fused sentence

Glossary of Grammatical and Rhetorical Terms

fused sentence
A fused sentence is like a fender-bender caused by one car (or sentence) traveling too close to another. (Christof R Schmidt/Getty Images)


A fused sentence is a sentence in which two independent clauses are run together (or "fused") without an appropriate conjunction or mark of punctuation between them.

In prescriptive grammar, fused sentences (also known as run-on sentences) are generally treated as errors.

See Examples and Observations below. Also see:

Examples and Observations

  • The barn was very large it smelled of hay and horses.

  • You can only be young once you can be immature forever.

  • The boys were playing with their trucks in the mud I watched them from the window in my bedroom.
  • Some of the workers would leave their sacks at the store to be picked up the following morning a few had to take them home for repairs.
  • " . . . I hate people that have always their poor story to tell everybody has their own troubles that poor Nancy Blake died a month ago of acute pneumonia well I didn't know her so well as all that she was Floeys friend more than mine . . ."
    (James Joyce, Ulysses, 1922)
  • Recognizing Fused Sentences
    - "Fused sentences are difficult for their writers to identify because the ideas are usually closely related and most writers are not in the habit of examining their sentences for subjects and verbs."
    (Donna Gorrell, A Writer's Handbook from A to Z. Allyn and Bacon, 1997)  

    - "To confirm a sentence is fused, see if you can put a period in the sentence to create two complete sentences. If so and if there is nothing in the original sentence separating these two parts, then there is a fused sentence."
    (Mark Lester and Larry Beason, McGraw-Hill Handbook of English Grammar and Usage, 2nd ed. McGraw-Hill, 2012) 

  • Correcting Fused Sentences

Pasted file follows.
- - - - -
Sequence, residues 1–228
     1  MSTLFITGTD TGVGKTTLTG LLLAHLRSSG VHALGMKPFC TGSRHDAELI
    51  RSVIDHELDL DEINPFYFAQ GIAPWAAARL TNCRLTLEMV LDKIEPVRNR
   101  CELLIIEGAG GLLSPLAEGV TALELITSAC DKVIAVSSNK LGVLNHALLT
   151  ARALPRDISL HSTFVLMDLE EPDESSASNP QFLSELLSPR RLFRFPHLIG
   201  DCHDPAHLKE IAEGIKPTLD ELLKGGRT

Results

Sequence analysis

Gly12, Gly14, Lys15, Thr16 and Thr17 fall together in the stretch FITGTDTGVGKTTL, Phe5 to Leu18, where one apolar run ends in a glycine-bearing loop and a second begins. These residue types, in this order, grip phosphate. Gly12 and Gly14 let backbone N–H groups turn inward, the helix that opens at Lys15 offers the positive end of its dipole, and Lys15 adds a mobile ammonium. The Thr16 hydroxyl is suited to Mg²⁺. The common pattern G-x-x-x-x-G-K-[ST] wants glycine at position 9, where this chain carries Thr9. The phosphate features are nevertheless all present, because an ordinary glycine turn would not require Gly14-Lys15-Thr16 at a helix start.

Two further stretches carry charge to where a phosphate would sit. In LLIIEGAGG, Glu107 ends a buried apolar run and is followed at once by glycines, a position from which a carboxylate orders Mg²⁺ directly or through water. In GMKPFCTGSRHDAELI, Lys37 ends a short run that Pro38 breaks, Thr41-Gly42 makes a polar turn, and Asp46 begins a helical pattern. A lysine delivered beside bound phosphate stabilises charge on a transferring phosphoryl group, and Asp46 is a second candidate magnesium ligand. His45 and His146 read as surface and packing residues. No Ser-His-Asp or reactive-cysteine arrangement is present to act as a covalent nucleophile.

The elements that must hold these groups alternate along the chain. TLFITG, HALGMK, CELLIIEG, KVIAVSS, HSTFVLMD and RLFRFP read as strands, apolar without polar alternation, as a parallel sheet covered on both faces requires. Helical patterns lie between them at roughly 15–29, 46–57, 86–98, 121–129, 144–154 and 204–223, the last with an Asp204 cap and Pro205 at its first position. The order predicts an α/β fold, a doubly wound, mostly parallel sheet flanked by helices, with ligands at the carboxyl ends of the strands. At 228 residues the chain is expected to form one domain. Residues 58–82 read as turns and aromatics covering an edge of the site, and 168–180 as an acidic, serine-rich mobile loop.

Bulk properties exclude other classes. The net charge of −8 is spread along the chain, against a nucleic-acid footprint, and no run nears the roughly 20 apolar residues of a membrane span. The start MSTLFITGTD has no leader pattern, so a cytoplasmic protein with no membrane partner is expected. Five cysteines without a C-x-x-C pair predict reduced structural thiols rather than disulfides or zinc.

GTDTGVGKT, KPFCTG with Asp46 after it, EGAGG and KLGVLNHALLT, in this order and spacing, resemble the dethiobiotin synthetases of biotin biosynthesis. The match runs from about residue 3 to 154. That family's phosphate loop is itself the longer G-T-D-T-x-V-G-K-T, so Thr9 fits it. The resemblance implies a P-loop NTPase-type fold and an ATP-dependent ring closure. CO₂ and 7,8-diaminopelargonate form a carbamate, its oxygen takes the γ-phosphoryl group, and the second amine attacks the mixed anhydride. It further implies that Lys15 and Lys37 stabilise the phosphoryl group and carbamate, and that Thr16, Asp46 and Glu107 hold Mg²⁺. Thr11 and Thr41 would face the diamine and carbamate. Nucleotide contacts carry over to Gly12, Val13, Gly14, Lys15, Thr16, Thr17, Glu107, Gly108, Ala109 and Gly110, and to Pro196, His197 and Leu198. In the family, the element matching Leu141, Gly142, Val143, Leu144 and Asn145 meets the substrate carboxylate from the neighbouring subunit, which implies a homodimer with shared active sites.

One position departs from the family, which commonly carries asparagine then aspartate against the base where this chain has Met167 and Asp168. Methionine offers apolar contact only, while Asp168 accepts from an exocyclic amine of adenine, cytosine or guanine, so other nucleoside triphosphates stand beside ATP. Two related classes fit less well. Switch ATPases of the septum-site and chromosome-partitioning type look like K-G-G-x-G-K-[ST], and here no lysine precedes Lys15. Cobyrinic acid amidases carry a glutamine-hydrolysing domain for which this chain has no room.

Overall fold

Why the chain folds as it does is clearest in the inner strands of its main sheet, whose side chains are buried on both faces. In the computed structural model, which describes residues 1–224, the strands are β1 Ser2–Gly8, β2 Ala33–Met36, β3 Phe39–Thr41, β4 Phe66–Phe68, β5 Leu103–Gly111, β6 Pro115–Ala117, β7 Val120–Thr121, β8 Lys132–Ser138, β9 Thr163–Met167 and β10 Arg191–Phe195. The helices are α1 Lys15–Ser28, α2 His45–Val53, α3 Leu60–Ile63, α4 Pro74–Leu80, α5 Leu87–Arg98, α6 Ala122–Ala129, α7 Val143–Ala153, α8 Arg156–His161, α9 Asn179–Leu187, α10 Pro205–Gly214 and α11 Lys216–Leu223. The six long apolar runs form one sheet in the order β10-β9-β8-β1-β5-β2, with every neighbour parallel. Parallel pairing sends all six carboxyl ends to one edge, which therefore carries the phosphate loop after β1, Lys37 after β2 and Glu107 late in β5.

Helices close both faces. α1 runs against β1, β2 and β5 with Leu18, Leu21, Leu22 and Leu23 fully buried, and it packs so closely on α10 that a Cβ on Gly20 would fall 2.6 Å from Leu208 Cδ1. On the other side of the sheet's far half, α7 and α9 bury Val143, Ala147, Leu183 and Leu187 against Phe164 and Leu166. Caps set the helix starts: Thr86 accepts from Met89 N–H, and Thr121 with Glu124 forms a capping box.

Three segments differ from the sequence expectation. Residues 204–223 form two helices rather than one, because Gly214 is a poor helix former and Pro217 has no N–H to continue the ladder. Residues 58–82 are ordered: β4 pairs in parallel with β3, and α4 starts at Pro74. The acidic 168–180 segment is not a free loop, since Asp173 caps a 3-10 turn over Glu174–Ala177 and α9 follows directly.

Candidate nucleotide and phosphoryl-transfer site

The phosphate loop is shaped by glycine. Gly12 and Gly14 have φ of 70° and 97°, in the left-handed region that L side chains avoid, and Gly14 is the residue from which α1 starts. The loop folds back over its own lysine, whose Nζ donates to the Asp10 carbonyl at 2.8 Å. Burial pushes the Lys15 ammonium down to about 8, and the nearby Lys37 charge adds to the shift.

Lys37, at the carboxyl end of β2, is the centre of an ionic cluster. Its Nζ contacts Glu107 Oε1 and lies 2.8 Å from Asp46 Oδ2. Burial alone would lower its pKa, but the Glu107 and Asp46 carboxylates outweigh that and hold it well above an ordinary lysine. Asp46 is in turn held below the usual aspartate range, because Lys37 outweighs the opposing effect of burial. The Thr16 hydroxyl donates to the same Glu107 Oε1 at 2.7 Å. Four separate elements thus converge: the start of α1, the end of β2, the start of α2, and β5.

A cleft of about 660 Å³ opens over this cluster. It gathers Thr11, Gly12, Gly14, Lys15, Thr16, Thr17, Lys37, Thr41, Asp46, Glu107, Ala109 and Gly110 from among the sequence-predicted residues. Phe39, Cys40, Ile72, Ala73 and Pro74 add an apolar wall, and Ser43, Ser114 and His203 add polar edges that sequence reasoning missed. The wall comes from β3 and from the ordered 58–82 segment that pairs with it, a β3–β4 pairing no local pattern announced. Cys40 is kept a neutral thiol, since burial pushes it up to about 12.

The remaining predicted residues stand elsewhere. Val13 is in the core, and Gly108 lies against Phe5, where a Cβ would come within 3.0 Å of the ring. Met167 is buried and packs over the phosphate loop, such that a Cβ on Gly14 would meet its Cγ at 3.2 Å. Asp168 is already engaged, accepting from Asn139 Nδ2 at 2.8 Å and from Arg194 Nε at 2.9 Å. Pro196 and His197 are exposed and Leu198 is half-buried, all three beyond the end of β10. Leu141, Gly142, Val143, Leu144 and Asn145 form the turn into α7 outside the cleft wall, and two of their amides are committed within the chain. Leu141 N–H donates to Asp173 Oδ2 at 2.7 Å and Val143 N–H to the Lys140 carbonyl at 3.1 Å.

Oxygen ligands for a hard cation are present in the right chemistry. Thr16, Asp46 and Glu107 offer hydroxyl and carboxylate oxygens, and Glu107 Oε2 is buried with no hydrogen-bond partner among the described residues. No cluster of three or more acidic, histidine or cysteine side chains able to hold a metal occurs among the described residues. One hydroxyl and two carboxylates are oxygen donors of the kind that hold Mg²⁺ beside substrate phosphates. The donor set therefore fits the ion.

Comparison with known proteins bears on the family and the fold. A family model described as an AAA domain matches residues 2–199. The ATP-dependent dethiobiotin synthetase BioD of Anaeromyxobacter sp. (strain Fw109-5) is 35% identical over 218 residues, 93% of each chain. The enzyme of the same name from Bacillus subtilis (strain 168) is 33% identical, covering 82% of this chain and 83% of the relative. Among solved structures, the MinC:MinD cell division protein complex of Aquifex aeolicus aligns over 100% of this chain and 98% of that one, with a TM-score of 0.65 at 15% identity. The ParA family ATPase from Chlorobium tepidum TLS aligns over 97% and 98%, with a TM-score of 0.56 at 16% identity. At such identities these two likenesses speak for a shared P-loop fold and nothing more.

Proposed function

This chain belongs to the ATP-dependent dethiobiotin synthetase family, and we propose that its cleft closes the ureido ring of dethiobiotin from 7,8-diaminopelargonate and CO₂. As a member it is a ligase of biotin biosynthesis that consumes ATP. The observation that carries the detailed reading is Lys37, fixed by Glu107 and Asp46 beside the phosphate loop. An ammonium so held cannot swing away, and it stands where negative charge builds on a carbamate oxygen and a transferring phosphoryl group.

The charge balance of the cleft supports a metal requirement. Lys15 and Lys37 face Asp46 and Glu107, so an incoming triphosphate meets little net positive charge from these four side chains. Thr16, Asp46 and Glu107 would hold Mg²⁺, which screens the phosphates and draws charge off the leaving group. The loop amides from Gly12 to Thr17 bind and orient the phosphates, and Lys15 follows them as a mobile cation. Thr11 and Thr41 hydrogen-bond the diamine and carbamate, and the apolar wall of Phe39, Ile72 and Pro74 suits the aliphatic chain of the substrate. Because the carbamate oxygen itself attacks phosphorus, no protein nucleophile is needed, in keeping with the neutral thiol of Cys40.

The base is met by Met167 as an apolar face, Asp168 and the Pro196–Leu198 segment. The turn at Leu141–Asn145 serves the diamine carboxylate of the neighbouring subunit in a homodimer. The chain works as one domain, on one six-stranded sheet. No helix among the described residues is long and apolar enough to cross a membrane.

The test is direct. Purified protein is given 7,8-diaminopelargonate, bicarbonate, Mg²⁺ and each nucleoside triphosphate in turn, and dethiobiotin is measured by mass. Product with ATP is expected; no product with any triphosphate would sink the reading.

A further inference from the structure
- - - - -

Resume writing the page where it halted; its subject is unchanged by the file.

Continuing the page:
"Adding a period between the clauses is one way to correct a run-on sentence. . . . Other options are to add a comma and a coordinating conjunction (and, but, for, or, nor, so, yet) between the clauses, to add a semicolon, or to add a semicolon with a conjunctive adverb, such as therefore or however."
    (Gerald Alred, et al., Handbook of Technical Writing. Bedford, 2006)
  • Run-Ons and Comma Splices
    "The distinction between a run-on sentence and a comma splice isn't usually noteworthy. So most writers class the two problems together as run-on sentences.

    "But the distinction can be helpful in differentiating between the wholly unacceptable (true run-on sentences) and the usually-but-not-always unacceptable (comma splices) when (1) the clauses are short and closely related, (2) there is no danger of a miscue, and (3) the context is informal. Thus, 'Jane likes him, I don't.' But even when all three criteria are met, some readers are likely to object."
    (Bryan A. Garner, Garner's Modern American Usage. Oxford University Press, 2003)
  • The Deliberate Use of Fused Sentences
    "The deliberate use of the run-on sentence can sometimes achieve special effects in informal contexts and in representations of colloquial speech. Writers should take care, however, when attempting to use run-on sentences in this way in formal contexts. These uses may easily be interpreted as mistakes or silliness."
    (The American Heritage Guide to Contemporary Usage and Style. Houghton Mifflin, 2005)

Also Known As: run-on sentence, run-together sentence